"Babies in a million": a British couple had unique twin girlsBy Pictolic https://pictolic.com/article/babies-in-a-million-a-british-couple-had-unique-twin-girls.html
In the family of Nicole and Todd Bailey from Sheffield (UK), two wonderful daughters are growing up — Harper and Quinn. They are twins, but they are very different, since Harper is a special child with Down syndrome. Doctors say that the case when only one baby is born with this genetic disorder is one in a million.
Doctors could not recognize the disease of the child in the womb and everything became clear when Harper was born. She was born first, and her sister Quinn was 38 minutes later. After giving birth, the doctors apologized to the family for not being able to recognize the violation, but the couple does not consider Harper's illness a problem and do not blame the doctors for anything.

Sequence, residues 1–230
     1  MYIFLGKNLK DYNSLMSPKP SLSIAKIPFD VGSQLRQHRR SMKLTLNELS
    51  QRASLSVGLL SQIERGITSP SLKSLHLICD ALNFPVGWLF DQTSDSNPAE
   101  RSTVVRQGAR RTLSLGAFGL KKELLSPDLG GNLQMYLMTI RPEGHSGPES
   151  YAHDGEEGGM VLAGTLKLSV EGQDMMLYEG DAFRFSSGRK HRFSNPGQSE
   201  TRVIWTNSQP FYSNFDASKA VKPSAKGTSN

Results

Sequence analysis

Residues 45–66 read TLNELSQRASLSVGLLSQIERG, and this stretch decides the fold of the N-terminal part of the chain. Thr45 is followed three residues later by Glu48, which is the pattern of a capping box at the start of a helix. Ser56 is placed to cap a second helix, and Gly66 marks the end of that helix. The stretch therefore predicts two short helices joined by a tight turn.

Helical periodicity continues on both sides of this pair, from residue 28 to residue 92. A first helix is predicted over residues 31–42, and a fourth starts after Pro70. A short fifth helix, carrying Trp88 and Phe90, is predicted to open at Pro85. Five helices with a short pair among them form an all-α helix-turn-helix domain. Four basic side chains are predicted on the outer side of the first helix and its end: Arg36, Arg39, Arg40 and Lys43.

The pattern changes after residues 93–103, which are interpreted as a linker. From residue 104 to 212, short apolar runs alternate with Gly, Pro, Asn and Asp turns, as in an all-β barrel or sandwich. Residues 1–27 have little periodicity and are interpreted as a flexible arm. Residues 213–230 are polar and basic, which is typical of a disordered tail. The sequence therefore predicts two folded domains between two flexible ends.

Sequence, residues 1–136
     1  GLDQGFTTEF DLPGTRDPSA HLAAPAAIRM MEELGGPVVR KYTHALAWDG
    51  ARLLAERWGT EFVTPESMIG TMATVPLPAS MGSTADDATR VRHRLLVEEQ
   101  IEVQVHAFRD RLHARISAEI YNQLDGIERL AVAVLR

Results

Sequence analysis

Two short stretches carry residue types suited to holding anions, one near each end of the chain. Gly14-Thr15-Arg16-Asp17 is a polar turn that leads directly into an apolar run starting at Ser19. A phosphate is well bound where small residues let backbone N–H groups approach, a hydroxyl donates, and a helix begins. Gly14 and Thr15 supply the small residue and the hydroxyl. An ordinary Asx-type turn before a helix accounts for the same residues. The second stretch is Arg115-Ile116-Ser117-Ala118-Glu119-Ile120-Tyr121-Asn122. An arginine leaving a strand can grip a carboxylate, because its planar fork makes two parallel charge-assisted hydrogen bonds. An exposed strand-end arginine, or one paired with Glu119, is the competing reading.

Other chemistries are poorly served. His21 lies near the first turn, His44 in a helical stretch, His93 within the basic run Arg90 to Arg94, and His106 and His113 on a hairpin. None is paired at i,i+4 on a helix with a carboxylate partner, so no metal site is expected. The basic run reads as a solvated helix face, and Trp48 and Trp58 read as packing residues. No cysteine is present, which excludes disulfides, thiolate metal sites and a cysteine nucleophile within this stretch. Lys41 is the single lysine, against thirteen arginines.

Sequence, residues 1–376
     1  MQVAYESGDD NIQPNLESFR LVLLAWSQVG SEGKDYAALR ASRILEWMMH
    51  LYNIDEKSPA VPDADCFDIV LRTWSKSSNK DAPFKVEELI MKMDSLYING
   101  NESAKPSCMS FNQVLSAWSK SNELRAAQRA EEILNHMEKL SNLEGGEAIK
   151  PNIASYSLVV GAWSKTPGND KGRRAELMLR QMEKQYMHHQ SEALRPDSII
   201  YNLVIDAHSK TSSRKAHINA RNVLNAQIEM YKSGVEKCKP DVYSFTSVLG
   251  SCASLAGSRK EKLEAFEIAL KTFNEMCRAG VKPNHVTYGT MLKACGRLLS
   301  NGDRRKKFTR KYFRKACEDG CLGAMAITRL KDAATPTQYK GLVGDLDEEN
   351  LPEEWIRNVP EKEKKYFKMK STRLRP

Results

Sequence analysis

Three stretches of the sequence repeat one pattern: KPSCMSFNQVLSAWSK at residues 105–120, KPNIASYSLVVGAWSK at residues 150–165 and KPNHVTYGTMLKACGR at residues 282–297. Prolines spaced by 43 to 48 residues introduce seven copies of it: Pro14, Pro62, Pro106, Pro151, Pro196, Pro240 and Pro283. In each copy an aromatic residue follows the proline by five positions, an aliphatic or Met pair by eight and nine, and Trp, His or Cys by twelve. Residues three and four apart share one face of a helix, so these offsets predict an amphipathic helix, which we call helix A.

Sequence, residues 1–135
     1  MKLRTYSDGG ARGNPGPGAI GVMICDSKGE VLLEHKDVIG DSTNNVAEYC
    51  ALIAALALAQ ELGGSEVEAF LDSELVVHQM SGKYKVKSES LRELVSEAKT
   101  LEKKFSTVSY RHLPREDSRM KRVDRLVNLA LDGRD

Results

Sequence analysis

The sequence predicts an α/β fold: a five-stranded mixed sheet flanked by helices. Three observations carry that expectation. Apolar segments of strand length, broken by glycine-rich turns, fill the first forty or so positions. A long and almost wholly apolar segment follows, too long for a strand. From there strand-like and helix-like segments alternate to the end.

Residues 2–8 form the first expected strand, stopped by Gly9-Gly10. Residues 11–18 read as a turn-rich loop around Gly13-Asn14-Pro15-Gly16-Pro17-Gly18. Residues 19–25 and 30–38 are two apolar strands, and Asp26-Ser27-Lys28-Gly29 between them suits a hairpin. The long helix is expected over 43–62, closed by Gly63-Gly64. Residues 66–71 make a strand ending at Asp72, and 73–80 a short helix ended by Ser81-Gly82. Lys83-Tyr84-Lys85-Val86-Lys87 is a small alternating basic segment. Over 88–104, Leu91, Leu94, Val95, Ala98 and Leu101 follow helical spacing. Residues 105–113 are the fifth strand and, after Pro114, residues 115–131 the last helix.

Nikola dotes on her babies and is sure that, despite their very young age, they love each other and have a strong connection with each other on a subconscious level. The woman also said that Quinn used to envy her older sister, who was the first to grow enough hair on her head to collect a tail. The youngest then could not boast of a hairstyle — only a fuzz was visible on her head.
Nicola particularly noted that Harper started smiling before her sister. At the same time, the mother of wonderful girls is sure that it is impossible to compare them, because even though they are sisters, they are very different. In an interview with journalists, the woman touched on another important problem — the attitude of others towards Harper.
Unfortunately, the genetic deviation is not the only problem of the girl. She was born with a heart defect and at the age of 6 she is waiting for a difficult operation to eliminate it. Various cardiac pathologies are often found in "sunny" children.
The girls have an older brother who was looking forward to joining the family. He is waiting for the girls to grow up and be able to keep him company in games.
Once upon a time, Down syndrome was a sentence for a child. Such people were considered unpromising in training and their life span, due to concomitant diseases, rarely exceeded 30 years. But today everything is different - modern medicine and advanced teaching methods allow "sunny" children not only to live a long and fulfilling life, but also to receive higher education.